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At the beginning of the 2018-19 school year, a distressing trend became clear for administrators at Wilson County Schools.
Nearly 400 students of the 11,422 who had been listed on the rolls and expected to attend didn’t show up.
On the sixth day of school, when it became clear that the school system was missing a large number of children, instructions were sent to each school principal to find out where the children had gone.
“We had a total of 391 students who we were expecting on Aug. 27 who did not come,” said Cheryl Wilson, assistant superintendent.
Of those 391 students who withdrew from Wilson County Schools during the first 10 days of school, the majority of them, 237, or 61 percent, were students who moved out of district, out of state or out of the country.
The second-largest group included 71 students, or 18 percent, who withdrew from WCS to attend a charter school.
Fifty-one students, or 13 percent, were removed from the rolls from one school to attend school in the system either due to a family move or being granted a reassignment from one school to another. Despite being lumped in with the 391 students expected to attend as of Aug. 27, one could reasonably consider them still enrolled in Wilson County Schools.
Some 24 students, or 6 percent, withdrew to attend private schools.
The smallest percentage of students, of the 391 who were missing from their assigned classes during that first 10 days, was just 2 percent, or eight students, whose parents decided to home-school their children.
“I think all school systems in the state that are seeing declines in student enrollment are concerned,” said WCS Superintendent Lane Mills. “That is an issue with public schools in North Carolina. The important thing is having a conversation about it and looking at your data and keeping track of it, but also realizing that we have to tell our story about what these impacts cause on school systems and communities.”
ENROLLMENT AND FUNDING
The biggest issue Wilson County Schools has faced is the loss of students at the elementary level, where more than 700 students have left.
From the 2014-15 school year to the 2018-19 school year, elementary school enrollment has dropped from 5,753 to 5,058 students, middle school from 2,715 to 2,548 and high school from 3,588 to 3,558.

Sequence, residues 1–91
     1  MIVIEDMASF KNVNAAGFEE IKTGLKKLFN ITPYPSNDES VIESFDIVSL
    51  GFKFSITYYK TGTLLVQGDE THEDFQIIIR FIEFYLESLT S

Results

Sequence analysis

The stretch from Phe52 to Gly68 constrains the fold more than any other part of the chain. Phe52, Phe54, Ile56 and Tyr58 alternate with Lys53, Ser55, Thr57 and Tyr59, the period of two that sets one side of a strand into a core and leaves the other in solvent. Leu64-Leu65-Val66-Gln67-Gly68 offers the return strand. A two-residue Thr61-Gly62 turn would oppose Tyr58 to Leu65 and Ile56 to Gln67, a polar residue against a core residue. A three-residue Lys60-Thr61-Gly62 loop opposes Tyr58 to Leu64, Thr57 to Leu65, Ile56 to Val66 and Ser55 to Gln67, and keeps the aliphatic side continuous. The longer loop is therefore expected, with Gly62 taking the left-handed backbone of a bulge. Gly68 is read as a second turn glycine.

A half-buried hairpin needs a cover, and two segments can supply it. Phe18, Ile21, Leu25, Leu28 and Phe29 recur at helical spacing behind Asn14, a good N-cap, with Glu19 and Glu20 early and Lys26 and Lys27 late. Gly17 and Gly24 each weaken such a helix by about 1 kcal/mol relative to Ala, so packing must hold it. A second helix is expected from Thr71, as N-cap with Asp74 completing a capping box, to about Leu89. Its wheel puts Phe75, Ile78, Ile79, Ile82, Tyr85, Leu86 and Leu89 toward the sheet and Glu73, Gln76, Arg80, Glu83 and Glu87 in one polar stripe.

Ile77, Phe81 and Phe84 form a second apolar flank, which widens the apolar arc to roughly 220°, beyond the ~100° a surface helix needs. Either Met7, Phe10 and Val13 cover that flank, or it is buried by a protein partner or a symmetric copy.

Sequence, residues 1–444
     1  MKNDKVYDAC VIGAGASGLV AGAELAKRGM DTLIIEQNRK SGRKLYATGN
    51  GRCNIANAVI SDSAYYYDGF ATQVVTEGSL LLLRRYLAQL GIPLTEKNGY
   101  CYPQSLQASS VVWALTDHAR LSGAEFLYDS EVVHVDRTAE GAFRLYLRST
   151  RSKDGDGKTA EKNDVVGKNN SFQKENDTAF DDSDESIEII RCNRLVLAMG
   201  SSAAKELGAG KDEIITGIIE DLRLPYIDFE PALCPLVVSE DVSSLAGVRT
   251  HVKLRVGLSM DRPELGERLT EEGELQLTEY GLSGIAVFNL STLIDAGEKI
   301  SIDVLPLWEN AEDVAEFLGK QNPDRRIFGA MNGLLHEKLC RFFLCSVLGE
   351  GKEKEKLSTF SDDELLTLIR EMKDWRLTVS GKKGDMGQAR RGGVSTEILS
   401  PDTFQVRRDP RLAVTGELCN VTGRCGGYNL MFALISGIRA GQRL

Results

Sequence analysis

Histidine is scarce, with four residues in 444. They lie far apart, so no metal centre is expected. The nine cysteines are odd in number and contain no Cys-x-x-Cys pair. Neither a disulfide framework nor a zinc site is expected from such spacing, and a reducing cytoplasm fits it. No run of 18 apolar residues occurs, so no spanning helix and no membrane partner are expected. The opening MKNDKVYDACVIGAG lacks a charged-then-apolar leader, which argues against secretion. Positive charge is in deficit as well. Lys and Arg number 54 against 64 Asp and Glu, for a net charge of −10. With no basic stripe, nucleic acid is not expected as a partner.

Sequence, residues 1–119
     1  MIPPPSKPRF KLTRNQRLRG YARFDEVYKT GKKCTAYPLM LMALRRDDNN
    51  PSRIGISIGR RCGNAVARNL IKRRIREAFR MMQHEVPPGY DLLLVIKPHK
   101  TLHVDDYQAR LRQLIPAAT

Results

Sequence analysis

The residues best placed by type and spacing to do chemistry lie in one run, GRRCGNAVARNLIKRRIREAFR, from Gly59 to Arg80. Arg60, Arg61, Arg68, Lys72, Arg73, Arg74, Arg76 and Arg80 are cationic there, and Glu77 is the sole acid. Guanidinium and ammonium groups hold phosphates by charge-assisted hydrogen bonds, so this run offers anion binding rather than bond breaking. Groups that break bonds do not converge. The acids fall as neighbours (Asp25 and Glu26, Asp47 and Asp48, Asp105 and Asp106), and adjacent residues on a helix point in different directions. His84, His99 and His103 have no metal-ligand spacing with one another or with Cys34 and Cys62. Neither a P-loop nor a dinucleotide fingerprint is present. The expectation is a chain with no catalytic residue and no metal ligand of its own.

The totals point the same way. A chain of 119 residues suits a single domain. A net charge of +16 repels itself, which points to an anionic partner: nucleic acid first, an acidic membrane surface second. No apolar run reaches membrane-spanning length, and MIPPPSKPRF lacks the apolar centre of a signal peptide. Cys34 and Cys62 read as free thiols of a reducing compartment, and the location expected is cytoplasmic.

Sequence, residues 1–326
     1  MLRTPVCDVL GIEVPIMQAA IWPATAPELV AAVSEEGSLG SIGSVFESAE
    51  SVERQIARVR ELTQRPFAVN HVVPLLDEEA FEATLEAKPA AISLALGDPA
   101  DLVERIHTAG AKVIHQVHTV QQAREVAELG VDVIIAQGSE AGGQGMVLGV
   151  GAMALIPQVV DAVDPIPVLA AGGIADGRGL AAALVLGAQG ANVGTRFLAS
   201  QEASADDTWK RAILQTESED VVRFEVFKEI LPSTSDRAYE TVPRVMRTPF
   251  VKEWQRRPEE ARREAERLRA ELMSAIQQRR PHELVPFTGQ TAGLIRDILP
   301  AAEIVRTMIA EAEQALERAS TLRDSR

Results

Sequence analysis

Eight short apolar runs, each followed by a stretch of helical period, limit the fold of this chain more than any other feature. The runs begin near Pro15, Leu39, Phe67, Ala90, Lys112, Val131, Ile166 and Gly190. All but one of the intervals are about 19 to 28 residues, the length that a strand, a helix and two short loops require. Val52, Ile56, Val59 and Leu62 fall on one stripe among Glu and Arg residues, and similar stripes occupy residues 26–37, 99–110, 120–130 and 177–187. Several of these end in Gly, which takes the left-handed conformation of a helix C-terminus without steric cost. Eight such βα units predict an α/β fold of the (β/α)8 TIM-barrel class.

“If you look at middle and high school, it’s kind of flat, but it’s up and down; so I think, well before you entertain any of those questions, we want to see a longer period of data for elementary,” Mills said. “Still, the trend is a concern.”
The decreasing number of students enrolled in the schools ultimately affects the amount of funding Wilson County Schools can bring in.
Wilson County Schools’ total operating budget for 2018-19 was $111,296,010. WCS has 26 schools: 14 elementary, six middle, three traditional high schools, two early colleges and one alternative school. The per-pupil annual expenditure is about $9,376.
WCS employs 1,496 people. Teachers’ average annual compensation is $64,558, which includes Wilson County’s local supplement and the cost of employment benefits. The school district operates 103 buses transporting 5,136 students daily for an estimated 1.5 million miles a year.
“When you lose enrollment, you lose funding, and both of those things cause problems to allow us to do other things other than provide for a sound, basic education,” Mills said. “It makes it more difficult to bring in additional resources, additional programming, additional course offerings because the flexibility is not there.”
FIGURING IN CHARTER SCHOOLS
Mills said every public school system in the state has charted enrollment declines due to the recent blossoming of charter schools.
According to a draft report presented at the N.C. Charter Schools Advisory Board meeting Dec. 12 in Raleigh, North Carolina has 185 charter schools in operation educating 109,389 students. That’s based on average daily membership figures that were certified in November. This represents 7.3 percent of the total public school population, which is an increase over 2017.